Terry Barton released from prison

Terry Barton, convicted of starting the 138,000 acre Hayman fire in 2003, was released from prison this morning. She started the fire while she worked as a Fire Prevention Technician on the Pike National Forest in Colorado.

The fire burned 133 homes and forced 8,000 people to evacuate, including the judge who presided over one of the proceedings related to the case. She served six years in a federal prison in Fort Worth, Texas.

Wildfire Today covered other aspects of this story HERE.

The picture is from 2002 when she appeared in court, courtesy of the Denver Post.

Helicopter bucket drops used on Universal Studios fire

No doubt you heard about the huge fire at Universal Studios near Los Angeles today. The equivalent of two city blocks were on fire at the same time.


It burned furiously for hours. Early on, they had some water pressure problems, so they had engines drafting from a lake and even used some helicopters for water drops. Here is a still image captured from a video:


HERE is a link to the video on CNN.

The fire was adjacent to several acres of vegetation, and for a while they were worried about having a brush fire and a huge structure fire at the same time. It developed a convection column, not unlike a vegetation fire.


Still photos courtesy of ABC7 and LA Times.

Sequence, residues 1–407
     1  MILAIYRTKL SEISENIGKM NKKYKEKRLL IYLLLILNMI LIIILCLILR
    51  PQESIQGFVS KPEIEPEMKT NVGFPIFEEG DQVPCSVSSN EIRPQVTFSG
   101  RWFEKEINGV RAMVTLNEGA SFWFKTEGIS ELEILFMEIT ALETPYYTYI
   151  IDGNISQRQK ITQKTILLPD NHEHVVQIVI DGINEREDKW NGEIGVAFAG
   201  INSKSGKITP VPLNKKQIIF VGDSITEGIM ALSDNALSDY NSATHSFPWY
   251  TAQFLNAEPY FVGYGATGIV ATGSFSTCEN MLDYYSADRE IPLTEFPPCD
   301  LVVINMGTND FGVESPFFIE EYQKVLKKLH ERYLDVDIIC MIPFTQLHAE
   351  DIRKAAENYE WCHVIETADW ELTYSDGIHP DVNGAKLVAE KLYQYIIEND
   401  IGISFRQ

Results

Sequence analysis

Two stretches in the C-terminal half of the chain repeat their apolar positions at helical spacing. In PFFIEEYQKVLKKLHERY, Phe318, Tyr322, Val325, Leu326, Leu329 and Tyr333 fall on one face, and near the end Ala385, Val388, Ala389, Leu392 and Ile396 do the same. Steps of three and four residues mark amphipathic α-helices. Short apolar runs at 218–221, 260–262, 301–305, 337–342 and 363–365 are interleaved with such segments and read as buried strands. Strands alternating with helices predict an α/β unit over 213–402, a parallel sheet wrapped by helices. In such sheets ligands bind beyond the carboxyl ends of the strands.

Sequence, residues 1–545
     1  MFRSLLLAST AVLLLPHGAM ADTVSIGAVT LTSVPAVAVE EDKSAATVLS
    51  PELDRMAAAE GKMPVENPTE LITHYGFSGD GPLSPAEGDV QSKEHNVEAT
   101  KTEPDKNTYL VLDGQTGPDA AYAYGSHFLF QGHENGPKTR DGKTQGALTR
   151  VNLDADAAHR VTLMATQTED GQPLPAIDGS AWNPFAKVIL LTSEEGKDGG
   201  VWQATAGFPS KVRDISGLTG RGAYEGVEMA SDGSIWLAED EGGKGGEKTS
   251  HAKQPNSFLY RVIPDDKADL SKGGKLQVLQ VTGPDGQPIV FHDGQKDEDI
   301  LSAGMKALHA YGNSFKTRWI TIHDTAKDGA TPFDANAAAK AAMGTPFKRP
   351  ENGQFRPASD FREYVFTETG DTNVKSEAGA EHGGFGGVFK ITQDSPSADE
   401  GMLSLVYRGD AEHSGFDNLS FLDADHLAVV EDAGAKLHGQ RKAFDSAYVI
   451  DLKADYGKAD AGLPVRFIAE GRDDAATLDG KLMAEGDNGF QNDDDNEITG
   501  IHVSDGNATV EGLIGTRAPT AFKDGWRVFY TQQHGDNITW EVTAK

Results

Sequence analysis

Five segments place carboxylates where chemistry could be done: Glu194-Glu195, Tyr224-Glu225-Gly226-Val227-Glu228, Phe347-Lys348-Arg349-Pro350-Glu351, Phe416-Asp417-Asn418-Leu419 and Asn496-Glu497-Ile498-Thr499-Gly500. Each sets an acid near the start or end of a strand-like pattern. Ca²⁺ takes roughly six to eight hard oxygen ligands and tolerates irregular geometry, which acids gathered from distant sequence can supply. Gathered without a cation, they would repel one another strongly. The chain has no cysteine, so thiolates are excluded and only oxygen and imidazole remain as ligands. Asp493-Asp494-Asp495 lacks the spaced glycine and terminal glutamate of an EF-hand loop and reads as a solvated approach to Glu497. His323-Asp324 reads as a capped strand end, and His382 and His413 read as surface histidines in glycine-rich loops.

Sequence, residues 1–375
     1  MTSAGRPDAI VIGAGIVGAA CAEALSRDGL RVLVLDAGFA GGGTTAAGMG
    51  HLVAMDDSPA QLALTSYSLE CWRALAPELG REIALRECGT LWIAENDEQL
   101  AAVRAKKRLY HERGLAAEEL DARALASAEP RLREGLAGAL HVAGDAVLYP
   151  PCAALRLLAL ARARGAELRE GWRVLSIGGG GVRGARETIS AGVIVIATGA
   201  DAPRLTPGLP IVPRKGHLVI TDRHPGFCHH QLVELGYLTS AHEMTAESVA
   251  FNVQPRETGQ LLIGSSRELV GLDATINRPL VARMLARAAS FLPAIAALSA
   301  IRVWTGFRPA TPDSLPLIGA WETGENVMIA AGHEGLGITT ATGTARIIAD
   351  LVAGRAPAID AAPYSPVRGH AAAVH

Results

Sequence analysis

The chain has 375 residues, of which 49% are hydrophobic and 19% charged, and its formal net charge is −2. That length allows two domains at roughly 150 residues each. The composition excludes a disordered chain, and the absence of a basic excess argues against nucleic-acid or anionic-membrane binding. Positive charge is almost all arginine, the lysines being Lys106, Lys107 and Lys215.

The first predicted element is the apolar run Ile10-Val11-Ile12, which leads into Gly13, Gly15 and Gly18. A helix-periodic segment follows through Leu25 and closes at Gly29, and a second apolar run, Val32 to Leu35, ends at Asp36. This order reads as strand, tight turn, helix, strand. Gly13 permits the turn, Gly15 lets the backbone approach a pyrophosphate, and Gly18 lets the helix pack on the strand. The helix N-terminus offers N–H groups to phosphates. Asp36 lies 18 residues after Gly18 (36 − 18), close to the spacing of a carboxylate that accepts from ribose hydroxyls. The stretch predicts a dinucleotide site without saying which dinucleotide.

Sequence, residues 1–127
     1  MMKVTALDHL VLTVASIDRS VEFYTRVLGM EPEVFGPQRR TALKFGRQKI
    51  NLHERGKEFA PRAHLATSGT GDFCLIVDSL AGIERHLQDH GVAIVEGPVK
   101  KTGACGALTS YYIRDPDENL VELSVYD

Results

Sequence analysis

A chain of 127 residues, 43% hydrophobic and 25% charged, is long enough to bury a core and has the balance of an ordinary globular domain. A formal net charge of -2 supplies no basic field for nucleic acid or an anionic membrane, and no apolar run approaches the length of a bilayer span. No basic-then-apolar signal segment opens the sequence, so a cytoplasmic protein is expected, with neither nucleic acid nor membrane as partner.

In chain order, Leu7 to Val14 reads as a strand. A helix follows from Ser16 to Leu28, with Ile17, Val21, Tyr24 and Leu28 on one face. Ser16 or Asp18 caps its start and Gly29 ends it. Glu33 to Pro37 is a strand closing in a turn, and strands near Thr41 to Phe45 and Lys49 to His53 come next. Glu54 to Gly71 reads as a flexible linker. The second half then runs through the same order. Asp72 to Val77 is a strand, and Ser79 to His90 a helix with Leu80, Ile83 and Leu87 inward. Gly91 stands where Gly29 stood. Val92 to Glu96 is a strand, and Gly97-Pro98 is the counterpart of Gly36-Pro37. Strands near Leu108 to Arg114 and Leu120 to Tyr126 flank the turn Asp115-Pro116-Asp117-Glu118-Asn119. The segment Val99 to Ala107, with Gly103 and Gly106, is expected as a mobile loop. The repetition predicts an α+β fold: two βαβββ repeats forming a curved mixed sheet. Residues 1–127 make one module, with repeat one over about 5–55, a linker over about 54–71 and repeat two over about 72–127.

Firefighters injured by lightning are now out of the hospital

On May 29 we posted information about two firefighters, members of a Hot Shot Crew, that were injured by lightning while working on a prescribed fire west of Whitefish, MT on the Flathead National Forest. We are pleased to report that they have been released from the hospital. Apparently lightning struck some trees near where they were working.

By the way, the photo is not of that incident.

Prepare, Stay, and Defend…..in Montana

The practice of “shelter in place”, also known as “prepare, stay, and defend” has been used in Australia and South Africa for decades, but it is rarely used as an official policy in the United States. However, the Painted Rocks Fire Rescue Company near Darby, Montana is hosting a public training session June 7-8 about Prepare, Stay, and Defend.

In addition to having a researcher from Tasmania at the meeting, a second researcher from the US Forest Service will be there to gather information about how the program is received by local residents. Battallion Chief Alan Tresemer will be the instructor.

The concept of prepare, stay, and defend involves having a homeowner in a rural area make their home as fire safe as possible by using fire resistant construction materials and removing flammable vegetation around the structure. Then, if the home is threatened by fire, the homeowner stays at the home, sheltering in place. By remaining at the house, they would be able to extinguish small spot fires near the structure, increasing the chances that the house will survive.

And by not evacuating, they would not be exposed to traffic tie-ups, or becoming entrapped by a fast moving fire. During the Cedar fire near San Diego in 2003 several at least five citizens died on Wildcat Canyon Road while they were fleeing the fire. And in the Tunnel (or East Bay Hills) fire near Oakland, CA in 1991 the same thing happened.